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Sunday, March 13, 2016

I Don't Criticize Pope Francis, Continued

I realize every time I see Dr. Bryan Cross interacting on the internet about some papal statement or document, whether I agree with Dr. Cross's analysis or not, there is a very good chance that I do not understand all the nuances of whatever has been said. That is to say, there are 3 things that go into apprehending whatever is being said: 1. The true teachings of the Catholic Church on any matter touching faith and morals (to which the universal catechism provides the most ready access for even the educated layperson) 2. The specific context into which the pope is speaking, and the purpose for which he has spoken and 3. The judgments of prudence which led to the pastoral decision to speak, rather than not.

I have a Master's degree in Catholic theology; if anyone should at least begin to say that he could speak intelligently in interpreting Pope Francis, it would be someone like me. The reality is this, however: I can't remember the last time I could say that I understood any one of the 3 areas well enough where my opinion matters. My subjective assessment of what I might have done or said isn't worth the metaphysical paper those feelings are printed on.

If the Holy Father asked me for a private meeting as a theologian, (which will never happen) and also for my opinion regarding his own statements on matters of consequence, I'd offer it. But a statement in public to John Q. Spotty Mass-Attender, or a Protestant, or an atheist, to the effect that defending the pope is getting difficult for you or me, is plain vanity. I myself have barely made a start on the first category, and I have zero access to the second, or the third, at any given moment. Thus, my hopes for what the Holy Father should say are worthless at best, and damaging at worst.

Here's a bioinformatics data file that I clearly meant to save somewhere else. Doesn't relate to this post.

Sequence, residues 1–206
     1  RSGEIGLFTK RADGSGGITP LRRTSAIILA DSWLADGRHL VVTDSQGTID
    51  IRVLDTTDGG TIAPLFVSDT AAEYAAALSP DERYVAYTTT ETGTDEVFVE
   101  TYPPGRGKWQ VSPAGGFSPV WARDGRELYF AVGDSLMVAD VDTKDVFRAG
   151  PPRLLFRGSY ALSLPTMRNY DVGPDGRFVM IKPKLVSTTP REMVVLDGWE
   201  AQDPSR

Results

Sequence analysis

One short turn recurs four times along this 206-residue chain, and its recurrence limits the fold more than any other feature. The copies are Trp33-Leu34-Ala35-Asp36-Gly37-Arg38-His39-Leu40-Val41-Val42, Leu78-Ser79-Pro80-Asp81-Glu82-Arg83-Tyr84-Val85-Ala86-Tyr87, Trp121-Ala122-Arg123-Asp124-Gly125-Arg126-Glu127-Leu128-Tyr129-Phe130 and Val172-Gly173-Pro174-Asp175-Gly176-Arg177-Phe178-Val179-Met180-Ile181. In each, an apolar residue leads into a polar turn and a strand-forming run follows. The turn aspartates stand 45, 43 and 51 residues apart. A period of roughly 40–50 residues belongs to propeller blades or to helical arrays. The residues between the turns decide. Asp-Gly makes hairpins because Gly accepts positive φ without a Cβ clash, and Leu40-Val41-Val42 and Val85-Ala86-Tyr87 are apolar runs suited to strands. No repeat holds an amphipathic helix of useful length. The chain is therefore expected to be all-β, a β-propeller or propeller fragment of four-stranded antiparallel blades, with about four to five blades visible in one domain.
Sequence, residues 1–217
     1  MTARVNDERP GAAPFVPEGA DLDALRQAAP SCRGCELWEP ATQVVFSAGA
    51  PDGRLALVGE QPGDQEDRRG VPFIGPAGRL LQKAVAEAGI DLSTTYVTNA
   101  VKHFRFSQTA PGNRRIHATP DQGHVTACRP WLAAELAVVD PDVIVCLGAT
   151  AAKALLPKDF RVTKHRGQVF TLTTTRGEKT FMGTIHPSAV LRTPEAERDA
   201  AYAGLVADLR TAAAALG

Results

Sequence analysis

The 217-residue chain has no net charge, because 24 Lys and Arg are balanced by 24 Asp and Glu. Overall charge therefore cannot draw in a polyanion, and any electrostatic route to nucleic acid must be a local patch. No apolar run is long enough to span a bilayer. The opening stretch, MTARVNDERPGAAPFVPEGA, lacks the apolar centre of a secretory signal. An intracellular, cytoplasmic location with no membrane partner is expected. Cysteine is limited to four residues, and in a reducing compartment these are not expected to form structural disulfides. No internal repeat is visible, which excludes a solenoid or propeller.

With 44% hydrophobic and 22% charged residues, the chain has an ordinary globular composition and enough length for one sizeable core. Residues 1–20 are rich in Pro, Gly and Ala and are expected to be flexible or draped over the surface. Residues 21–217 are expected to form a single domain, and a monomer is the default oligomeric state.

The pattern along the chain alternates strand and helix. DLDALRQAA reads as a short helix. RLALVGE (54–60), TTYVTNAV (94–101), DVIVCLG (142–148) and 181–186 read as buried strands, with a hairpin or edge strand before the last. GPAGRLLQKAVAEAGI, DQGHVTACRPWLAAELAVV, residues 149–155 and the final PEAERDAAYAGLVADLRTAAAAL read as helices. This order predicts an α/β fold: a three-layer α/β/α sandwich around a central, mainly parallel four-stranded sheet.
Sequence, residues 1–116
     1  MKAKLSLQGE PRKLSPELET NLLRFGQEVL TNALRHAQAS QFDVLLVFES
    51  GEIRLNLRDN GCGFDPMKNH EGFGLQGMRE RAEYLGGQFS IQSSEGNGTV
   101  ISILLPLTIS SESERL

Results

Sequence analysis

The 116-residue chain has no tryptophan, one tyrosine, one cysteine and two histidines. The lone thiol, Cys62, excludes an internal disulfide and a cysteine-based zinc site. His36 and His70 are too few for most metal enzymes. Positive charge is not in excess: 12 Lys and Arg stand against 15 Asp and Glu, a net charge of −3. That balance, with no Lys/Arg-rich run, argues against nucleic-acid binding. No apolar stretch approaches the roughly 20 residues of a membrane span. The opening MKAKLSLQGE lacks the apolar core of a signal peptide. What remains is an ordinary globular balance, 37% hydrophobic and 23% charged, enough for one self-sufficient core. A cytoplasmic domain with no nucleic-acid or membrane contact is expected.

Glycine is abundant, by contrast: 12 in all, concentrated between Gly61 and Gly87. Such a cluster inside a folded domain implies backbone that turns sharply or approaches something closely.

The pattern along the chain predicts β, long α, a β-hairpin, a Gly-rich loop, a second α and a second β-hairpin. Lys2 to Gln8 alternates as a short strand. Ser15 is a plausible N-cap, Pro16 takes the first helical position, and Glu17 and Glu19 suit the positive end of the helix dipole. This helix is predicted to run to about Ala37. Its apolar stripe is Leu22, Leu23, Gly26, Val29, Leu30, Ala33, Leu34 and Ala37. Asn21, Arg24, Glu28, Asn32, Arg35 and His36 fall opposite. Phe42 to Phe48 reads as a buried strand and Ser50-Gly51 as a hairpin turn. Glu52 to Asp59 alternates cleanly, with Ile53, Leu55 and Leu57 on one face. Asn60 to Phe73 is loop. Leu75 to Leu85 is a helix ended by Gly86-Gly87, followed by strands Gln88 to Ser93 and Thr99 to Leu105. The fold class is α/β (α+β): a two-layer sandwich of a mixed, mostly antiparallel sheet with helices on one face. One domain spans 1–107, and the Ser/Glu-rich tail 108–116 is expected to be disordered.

We would do well to recall all this more than we do, especially as pious listening is still obligated of me at each moment. For me, it was a great gift to present a talk on Laudato Si, because, in reading it in preparation, I was not thinking about untangling knots from an airplane press conference. I had the task of making that document accessible and understandable to Catholics. Nobody cares about what my ecology encyclical would say. Why do we tell people what our own encyclicals would say? Have you thought of it like this, before you launched a verbal broadside against the pope, and his alleged robotic defenders? Does it matter that much to you that your friends know you are an independent thinker?

Food for thought.

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